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In an ugly sea of sprawl, a wave of change builds

Something good has resulted from the Tampa area's well-known failings in community planning and connectedness.

The lack of a sustainable, planned vision for our area on the part of decades of leaders has left a developer-led landscape of mind numbing sprawl. Linear "shopping strips" and placeless big-box retail are lined up along noisy, dangerous, congested and poorly designed thoroughfares that disappear over the horizon. There are few centers, little expression of regional identity, and fewer places where communities can congregate and share ideas, or even accidentally encounter neighbors and friends (like real cities have).

Many of us are angry about the impoverished environment we've inherited.

So what's the good news?

Because of this brutal lack of place and community in our real world, those who Richard Florida calls "the creative class" have been agitating for positive change by using the Internet to exchange ideas.

On blogs and Web sites across our region, folks are collaborating and sharing and developing ideas on how to turn our area around — and it's just a question of time before some of these folks enter the local political scene.

Many of these citizen activists are merely the spear tip of what has been coined locally as the "the creative diaspora." This diaspora involves locals who've grown up here, tired of the status quo, have relocated to more progressive cities such as Portland, Austin, San Francisco, D.C., Seattle, Boston, just about anywhere.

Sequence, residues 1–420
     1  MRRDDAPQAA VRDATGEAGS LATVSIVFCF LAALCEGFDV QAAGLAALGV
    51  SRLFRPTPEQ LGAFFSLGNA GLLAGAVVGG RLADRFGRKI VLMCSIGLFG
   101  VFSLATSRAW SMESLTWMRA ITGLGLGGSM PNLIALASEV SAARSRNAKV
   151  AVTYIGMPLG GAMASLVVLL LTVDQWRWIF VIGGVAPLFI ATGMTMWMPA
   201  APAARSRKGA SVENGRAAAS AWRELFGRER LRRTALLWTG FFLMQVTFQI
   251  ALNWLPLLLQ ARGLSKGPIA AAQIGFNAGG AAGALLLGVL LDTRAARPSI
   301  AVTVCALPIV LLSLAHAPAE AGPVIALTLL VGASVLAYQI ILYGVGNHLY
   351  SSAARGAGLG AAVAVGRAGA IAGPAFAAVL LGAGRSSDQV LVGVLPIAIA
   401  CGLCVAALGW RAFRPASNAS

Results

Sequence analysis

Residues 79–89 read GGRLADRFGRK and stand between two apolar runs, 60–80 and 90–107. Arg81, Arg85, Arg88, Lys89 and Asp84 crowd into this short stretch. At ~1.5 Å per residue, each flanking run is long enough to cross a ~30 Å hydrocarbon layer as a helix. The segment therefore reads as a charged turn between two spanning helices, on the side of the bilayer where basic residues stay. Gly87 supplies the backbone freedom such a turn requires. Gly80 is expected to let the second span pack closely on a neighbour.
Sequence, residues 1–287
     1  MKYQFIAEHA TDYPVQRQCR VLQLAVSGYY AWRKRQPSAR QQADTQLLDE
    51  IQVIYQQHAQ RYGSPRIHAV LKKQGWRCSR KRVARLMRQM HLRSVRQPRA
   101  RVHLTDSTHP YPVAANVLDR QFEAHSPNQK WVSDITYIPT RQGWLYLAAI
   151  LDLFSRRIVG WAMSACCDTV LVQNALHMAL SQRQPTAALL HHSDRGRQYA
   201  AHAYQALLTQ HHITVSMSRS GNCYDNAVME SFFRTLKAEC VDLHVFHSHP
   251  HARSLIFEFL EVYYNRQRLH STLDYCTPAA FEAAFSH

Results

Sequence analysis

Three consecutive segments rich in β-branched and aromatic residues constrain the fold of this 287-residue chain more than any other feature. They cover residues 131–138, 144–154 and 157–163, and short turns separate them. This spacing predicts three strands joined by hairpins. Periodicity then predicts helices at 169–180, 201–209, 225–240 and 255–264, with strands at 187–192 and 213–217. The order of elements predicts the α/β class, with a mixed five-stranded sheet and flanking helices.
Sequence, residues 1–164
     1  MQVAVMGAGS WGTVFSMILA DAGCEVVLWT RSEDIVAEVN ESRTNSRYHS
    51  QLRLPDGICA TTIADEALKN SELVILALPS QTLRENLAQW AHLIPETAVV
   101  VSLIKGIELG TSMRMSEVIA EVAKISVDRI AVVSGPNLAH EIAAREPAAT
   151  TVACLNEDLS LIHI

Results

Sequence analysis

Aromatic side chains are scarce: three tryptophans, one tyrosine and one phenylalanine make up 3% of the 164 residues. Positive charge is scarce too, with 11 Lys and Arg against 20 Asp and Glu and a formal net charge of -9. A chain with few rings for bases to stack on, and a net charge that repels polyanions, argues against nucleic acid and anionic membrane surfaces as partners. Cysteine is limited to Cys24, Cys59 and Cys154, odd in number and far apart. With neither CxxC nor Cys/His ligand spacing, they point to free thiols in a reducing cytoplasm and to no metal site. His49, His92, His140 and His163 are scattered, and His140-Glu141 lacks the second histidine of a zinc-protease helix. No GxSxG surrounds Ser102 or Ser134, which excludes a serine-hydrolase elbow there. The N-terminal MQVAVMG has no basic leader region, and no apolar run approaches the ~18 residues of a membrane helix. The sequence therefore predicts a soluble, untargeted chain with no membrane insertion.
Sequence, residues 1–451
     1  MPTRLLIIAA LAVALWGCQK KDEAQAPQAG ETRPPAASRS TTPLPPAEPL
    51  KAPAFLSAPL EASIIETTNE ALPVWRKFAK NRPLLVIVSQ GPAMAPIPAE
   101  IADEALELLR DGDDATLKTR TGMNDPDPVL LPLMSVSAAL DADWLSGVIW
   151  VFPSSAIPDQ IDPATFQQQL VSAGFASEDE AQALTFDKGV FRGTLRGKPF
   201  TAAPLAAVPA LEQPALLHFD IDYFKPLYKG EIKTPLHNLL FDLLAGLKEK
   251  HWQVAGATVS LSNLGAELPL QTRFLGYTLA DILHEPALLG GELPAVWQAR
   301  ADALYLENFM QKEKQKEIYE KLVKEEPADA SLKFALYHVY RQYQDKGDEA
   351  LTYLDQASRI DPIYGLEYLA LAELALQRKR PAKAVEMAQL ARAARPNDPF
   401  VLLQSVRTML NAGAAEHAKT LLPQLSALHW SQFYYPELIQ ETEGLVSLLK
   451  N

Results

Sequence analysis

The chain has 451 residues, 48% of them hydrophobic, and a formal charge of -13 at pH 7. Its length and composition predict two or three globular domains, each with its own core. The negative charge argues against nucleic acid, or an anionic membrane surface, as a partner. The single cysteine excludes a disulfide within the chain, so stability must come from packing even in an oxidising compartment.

These folks have learned the lessons from these real cities, have returned to our area, and they're now working hard to implement those new ideas.

Why do they come back?

For one thing, our area has (as almost became a regional motto) "lots of potential." We have the multicultural charm of Ybor City, the quaintness of Hyde Park, hidden jewels like West Tampa and Temple Terrace, the beautiful natural landscape, flora and fauna of the rural countryside, the gulf, rivers and swamps.

But this enormous local potential has often been like a siren, drawing those who long for positive progressive change to crash on the rocks.

Traditional newsprint to many of us is a prop that supports shortsighted proponents of the status quo; an instrument of those who seek to preserve their fragile thrones and keep our dysfunctional area exactly like it is for whatever reason, even though that's impossible and unsustainable and we're all quickly learning that.

Gas prices alone have proven sprawling into the hinterlands a very bad idea, and not just for the natural environment. Traffic congestion to get there means many hours spent on the road. We've come to realize that widening roads is not the answer, as it merely invites more vehicles and in several years you'll need to widen it again, and again, and again.

No, our region needs alternatives to our status quo. Alternatives to road widening, fossil fuel powered single occupancy vehicles, mindless sprawl, development industry-owned politicians, alternatives to not preserving farmlands and woodlands on our periphery, and alternatives to architecture and planning that does not recognize our regional history, climate, culture or sense of place.

Many who are interested in agitating for this positive change in our region are doing so online. It's a brave new world, and it will become braver still as the local diaspora continues. Many of us have traded the monologue of traditional newsprint with information handed down to us from unknown sources, for the collaborative dialogue of the Internet.

Grant Rimbey is an architect and community activist who lives in Temple Terrace.

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In an ugly sea of sprawl, a wave of change builds 09/04/08 [Last modified: Tuesday, September 9, 2008 5:06pm]
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